Ones to watch: Iñaki Williams, Alejandro Remiro, Unai López, Jurgi Oteo, Yanis
Red-hot: Celta Vigo striker Santi Mina
Last year they competed as runners-up after losing out to a brilliant Espanyol side, but blitzed the competition this year, finishing 22 points clear of their local rivals at the top. Like Athletic, they have also been playing the NextGenSeries throughout the season, and also lost top scorer Sandro Ramírez to serious injury, but it didn’t stop them as they took 81 points from a possible 90. Having been drawn against Las Palmas, they are up there with the favourites to regain the title they won two years ago. As you would expect, they play with the exact same style you see from the first team every week, and many of their players will progress to Barcelona B in the coming years, with the likes of Sergi Samper and Adama already beginning the make the breakthrough.
Ones to watch: Sergi Samper, Adama Traore, Xavi Quintilla, Ebwelle, David Babunski
The reigning champions, Sevilla saw off fierce competition from Málaga and Almería to win the Andalusian group and qualify for the chance to defend their title. Most of last year’s side are now well established in their B and C outfits, but the current Juvenil A crop are arguably just as good, with plenty of Spanish youth internationals in the ranks. Although they have earned a reputation lately for producing attacking talent (mainly wingers), this team is built on a solid defence, and as shown by their record of just one defeat all season, a setup that makes them very difficult to beat. They are without Antonio Cotan, but do have 1996 born midfielder Fran “Curro” Sánchez, a Spain U17 international who has already played good minutes on Segunda B for their reseve side.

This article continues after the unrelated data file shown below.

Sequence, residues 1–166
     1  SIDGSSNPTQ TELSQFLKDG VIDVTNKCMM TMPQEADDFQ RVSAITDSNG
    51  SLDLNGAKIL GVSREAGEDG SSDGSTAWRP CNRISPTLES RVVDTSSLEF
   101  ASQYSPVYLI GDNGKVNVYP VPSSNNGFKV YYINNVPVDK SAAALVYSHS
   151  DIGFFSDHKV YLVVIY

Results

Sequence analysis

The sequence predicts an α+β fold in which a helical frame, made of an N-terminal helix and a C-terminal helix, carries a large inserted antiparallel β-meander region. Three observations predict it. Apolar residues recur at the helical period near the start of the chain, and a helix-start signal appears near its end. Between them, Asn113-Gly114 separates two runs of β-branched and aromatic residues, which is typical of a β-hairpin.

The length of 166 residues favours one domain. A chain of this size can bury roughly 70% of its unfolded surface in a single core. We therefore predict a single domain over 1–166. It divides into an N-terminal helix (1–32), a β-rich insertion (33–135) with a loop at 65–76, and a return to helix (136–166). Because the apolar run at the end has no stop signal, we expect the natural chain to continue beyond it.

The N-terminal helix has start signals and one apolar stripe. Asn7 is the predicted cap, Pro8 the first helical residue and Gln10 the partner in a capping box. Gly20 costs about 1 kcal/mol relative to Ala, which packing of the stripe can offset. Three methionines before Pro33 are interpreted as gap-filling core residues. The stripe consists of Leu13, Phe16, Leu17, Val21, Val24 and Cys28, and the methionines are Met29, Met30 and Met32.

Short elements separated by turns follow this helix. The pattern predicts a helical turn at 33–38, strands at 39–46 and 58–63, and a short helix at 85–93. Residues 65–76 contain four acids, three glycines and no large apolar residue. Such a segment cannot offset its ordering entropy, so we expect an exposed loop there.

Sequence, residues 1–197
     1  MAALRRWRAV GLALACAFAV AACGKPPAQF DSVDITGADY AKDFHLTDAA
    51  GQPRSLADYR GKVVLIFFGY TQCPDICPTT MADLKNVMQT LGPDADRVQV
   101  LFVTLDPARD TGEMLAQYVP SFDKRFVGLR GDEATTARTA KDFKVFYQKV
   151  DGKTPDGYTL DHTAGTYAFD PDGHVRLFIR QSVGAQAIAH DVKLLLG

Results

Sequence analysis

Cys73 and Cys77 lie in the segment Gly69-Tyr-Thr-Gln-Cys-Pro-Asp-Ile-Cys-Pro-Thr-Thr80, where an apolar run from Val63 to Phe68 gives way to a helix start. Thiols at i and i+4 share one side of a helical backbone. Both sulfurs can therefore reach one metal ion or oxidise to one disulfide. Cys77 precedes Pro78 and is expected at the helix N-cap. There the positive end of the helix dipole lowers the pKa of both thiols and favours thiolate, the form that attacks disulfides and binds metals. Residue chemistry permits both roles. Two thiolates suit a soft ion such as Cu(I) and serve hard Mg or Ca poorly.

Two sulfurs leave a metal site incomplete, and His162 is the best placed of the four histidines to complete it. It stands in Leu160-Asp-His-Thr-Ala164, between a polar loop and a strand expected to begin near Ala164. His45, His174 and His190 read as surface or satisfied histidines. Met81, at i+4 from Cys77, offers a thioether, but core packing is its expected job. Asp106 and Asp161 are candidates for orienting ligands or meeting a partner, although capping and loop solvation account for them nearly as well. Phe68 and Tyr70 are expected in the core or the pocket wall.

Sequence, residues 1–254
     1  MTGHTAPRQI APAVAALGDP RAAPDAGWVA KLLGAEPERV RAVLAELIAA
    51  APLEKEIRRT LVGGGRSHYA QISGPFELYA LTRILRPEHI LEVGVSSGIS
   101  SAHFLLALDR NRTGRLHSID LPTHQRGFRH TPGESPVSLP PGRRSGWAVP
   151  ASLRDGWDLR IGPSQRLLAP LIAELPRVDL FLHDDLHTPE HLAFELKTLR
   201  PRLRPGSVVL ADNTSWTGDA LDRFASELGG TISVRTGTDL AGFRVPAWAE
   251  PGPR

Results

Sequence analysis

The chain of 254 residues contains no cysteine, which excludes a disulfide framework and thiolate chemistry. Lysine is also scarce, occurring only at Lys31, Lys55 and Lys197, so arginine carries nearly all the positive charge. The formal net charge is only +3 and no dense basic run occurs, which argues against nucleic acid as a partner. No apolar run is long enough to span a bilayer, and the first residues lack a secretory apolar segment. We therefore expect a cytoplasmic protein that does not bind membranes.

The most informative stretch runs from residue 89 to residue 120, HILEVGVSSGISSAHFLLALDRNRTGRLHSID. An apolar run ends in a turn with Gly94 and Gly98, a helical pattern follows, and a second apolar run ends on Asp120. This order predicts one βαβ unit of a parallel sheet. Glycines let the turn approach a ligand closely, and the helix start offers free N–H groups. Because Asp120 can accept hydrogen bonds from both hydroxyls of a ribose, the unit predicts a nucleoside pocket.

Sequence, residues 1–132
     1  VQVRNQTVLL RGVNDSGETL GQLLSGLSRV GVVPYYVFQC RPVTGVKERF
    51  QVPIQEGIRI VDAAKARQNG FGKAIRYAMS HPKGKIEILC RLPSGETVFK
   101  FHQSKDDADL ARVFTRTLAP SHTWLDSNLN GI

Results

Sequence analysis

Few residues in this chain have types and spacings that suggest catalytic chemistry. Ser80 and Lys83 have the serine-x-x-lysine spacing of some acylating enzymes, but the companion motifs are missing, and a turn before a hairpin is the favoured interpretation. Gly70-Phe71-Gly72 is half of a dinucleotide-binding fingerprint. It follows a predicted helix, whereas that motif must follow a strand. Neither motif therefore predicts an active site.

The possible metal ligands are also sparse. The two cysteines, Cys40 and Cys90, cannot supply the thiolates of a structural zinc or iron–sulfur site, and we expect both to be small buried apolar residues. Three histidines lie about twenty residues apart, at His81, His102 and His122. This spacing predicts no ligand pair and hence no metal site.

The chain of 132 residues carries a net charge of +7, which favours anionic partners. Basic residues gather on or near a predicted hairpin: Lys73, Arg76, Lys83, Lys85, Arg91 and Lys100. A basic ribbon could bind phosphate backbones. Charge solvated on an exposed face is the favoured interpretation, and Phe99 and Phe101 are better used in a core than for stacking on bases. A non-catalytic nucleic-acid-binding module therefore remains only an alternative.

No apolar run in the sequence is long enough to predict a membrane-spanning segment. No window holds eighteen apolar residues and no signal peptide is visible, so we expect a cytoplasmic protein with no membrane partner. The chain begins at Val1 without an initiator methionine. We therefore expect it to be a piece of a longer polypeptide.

Ones to watch: Curro Sánchez, Juanje, Beto, Carlos Fernández, Modesto